The 68-page, A4 handbook for the 2011 Liverpool's Heritage tour, with text, photographs, maps, a chronology and a reading list, is available for purchase, price £15.00 including postage and packing.  To view sample pages click here.  Please send a cheque, payable to Mike Higginbottom, to 63 Vivian Road, Sheffield, S5 6WJ.

Posted by: mike on Jun 2, 2011

Category:Victorian architectureSacred placesLiverpool's Heritage

Liverpool Everton Our Lady Immaculate RC Church

Roman Catholic Parish Church of Our Lady Immaculate, Everton, Liverpool (1990)

Almost as soon as Liverpool became the centre of a re-established Catholic diocese in 1850, the first bishop, Alexander Goss, commissioned Edward Welby Pugin to design a magnificent Gothic cathedral which was to stand on Everton Brow.

There is an image of E W Pugin's perspective view of the planned St Edward's Cathedral at  The complete building would have been a dignified cruciform structure with a tall tower and spire, providing a fine landmark overlooking the Mersey.

From a vessel in the river, you can pinpoint its location behind and slightly to the north of the existing St George's Parish Church

Building began in 1853, and stopped again three years later because of the pressure to provide churches, schools and welfare for the huge population of Irish and other immigrants that flooded into mid-nineteenth century Liverpool.  There simply wasn't the money to spare for grand building projects.

All that was ever built of Pugin's great cathedral was the Lady Chapel and its two side chapels, and these were converted into an odd-looking parish church, Our Lady Immaculate, which stood on St Domingo Road until it was demolished in the early 1990s.

It was said at that time to be unsafe, though I felt – and still feel – that it was a pity that this relic of the early Victorian growth of Catholic Liverpool wasn't somehow preserved.

For details of Mike Higginbottom's lectures on Liverpool architecture, please click here.

The 68-page, A4 handbook for the 2011 Liverpool's Heritage tour, with text, photographs, maps, a chronology and a reading list, is available for purchase, price £15.00 including postage and packing.  To view sample pages click here.  Please send a cheque, payable to Mike Higginbottom, to 63 Vivian Road, Sheffield, S5 6WJ.

Posted by: mike on May 30, 2011

Category:Sacred placesManx Heritage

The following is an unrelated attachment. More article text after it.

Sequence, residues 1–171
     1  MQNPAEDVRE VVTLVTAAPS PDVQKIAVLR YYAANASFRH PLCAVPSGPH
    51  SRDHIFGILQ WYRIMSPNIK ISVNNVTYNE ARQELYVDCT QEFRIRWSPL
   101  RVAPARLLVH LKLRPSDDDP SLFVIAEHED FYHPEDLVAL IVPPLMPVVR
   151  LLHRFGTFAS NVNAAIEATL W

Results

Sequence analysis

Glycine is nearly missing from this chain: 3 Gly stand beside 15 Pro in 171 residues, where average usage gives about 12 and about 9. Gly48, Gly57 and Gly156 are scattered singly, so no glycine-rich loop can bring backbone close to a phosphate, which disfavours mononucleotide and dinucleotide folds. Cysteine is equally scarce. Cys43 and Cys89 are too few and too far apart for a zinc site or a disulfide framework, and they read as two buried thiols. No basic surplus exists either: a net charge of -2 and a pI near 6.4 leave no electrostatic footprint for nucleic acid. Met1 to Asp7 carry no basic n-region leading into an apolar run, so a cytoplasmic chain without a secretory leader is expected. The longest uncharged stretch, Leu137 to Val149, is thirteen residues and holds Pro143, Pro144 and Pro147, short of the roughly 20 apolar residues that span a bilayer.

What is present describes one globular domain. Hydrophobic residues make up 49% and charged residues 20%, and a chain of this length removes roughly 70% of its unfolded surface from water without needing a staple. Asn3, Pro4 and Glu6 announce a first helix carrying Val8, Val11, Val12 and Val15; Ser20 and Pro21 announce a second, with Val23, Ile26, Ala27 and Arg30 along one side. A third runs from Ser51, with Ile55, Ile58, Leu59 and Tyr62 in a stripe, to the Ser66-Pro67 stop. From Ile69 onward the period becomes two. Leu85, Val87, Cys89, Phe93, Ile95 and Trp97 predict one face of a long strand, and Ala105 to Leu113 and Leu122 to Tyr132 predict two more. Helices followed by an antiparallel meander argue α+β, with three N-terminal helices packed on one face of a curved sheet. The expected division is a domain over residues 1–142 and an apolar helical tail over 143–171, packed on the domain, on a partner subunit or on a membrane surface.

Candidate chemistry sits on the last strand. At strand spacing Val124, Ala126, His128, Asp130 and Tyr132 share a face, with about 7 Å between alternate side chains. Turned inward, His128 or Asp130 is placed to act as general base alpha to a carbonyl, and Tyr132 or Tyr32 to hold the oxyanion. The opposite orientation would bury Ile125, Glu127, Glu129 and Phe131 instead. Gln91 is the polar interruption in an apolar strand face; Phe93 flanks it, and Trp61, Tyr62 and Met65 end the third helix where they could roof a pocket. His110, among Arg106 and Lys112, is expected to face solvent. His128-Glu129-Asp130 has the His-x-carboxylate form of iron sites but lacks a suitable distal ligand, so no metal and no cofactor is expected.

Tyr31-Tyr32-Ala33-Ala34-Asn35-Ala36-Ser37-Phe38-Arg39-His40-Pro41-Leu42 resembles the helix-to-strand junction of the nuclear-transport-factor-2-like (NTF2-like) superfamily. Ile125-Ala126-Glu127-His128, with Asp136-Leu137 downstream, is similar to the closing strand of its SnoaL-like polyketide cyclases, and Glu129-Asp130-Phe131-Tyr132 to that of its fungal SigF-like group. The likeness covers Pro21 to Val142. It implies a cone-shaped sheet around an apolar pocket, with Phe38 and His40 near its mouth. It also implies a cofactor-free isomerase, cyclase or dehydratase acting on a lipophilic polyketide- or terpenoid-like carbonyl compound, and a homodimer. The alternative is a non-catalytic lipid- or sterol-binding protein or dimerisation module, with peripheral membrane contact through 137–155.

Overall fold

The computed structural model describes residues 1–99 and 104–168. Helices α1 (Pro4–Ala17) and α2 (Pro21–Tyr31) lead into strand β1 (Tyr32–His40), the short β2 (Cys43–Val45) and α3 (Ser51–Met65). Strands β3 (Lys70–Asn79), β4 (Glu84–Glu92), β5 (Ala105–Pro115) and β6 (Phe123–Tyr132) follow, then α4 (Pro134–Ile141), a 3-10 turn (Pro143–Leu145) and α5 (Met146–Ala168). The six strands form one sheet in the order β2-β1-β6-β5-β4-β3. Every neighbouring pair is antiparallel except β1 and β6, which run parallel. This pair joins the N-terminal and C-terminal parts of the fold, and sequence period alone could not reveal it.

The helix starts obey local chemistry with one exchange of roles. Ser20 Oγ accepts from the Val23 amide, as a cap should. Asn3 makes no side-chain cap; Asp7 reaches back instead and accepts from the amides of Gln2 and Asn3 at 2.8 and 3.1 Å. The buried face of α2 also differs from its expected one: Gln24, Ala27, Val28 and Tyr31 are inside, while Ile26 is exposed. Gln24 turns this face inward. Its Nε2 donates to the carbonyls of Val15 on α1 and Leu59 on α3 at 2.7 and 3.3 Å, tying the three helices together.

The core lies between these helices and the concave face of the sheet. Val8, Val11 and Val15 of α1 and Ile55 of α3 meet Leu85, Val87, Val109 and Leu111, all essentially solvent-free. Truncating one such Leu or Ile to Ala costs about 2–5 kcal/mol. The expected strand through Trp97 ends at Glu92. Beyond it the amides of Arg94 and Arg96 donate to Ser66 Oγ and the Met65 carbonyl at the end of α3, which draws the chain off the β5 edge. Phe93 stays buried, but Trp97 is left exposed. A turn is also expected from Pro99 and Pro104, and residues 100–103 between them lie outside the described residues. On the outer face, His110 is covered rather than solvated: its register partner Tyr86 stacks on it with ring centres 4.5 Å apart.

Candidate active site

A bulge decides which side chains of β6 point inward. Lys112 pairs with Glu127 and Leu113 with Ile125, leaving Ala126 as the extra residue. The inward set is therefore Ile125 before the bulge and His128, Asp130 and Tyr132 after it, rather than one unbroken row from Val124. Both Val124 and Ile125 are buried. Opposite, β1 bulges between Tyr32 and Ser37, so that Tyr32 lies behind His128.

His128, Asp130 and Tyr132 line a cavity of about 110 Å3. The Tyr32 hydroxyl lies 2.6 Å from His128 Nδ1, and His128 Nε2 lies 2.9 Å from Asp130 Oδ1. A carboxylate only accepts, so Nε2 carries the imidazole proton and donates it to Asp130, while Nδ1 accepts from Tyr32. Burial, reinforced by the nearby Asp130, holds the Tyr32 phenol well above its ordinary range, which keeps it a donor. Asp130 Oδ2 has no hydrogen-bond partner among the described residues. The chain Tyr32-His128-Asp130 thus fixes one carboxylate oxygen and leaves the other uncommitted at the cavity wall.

Our Lady Star of the Sea & St Maughold RC Church, Ramsey

The Isle of Man lacks a volume of Pevsner's great buildings series:  Sir Nikolaus spent much of his life compiling the first edition Buildings of England, and since he completed the original series in 1974 his successor editors have additionally laboured at the Buildings of Wales, Buildings of Scotland and Buildings of Ireland.  The Isle of Man belongs to none of these territories, and so far has no comparable catalogue of its architectural heritage.

This is a pity, because the island contains a wealth of structures, from pre-medieval crosses and chapels, called keeills, to high-quality nineteenth- and twentieth-century churches and public buildings.  Among the nationally-known architects who have worked on the island are George Steuart, Peter Paul Pugin, John Loughborough Pearson and his son Frank Loughborough Pearson, Ewan Christian (based in England but descended from an old Manx family), Mackay Hugh Baillie Scott and the theatre-architect Frank Matcham.

Alongside these luminaries, Giles Gilbert Scott built Our Lady Star of the Sea & St Maughold RC Church on the seafront at Ramsey in 1908-10.

It's immediately recognisable as by the same hand as Liverpool's Anglican Cathedral [see Younger architect in Liverpool] by its simple, sheer surfaces, tricked out with decorative features high up, including a crucifix high on the liturgical east wall (which actually faces west) and a balcony at the top of the hip-roofed tower.  Carving dies into the stonework, exactly like the Lady Chapel of Liverpool Cathedral.  Much of the Horsforth stone tracery is obscured on the outside by protective glazing.

Within, the interior is lit only on the (geographical) south:  the opposite wall is blank except for a low Gothic arch opening into the Lady Chapel and the windowless wall behind the altar is dominated by a dramatic full-height painted triptych.

Designed when Scott was in his twenties, shortly after he began work on his great cathedral, Our Lady Star of the Sea is an unexpected, precious piece of architectural genius in the wide-open spaces of the under-developed resort-town.

The Isle of Man is full of surprises.

Service times for Our Lady Star of the Sea & St Maughold are available at  Background information on all the Catholic churches on the Isle of Man is at

The Manx Heritage (September 9th-15th 2014) tour includes a visit to Ramsey with time to see Our Lady Star of the Sea Church.  For details please click here.

Posted by: mike on May 9, 2011

Category:Sacred placesLiverpool's Heritage

Liverpool Cathedral (1983)

The achievement of Harvey Lonsdale Elmes, winning two competitions to design what became St George's Hall, Liverpool, between the ages of 25 and 27, is remarkable [see Young architect in Liverpool];  even more surprising was the result of the competition to build Liverpool Cathedral fifty years later.

1880s plans to build an Anglican cathedral on the St John's site, backing on to St George's Hall, came to nothing:  no-one could find a way of building a church that would sit comfortably alongside Elmes & Cockerill's great classical temple.

The eventual site, St James' Mount, was chosen and the customary architectural competition organised, with a controversial stipulation that Gothic designs would be preferred.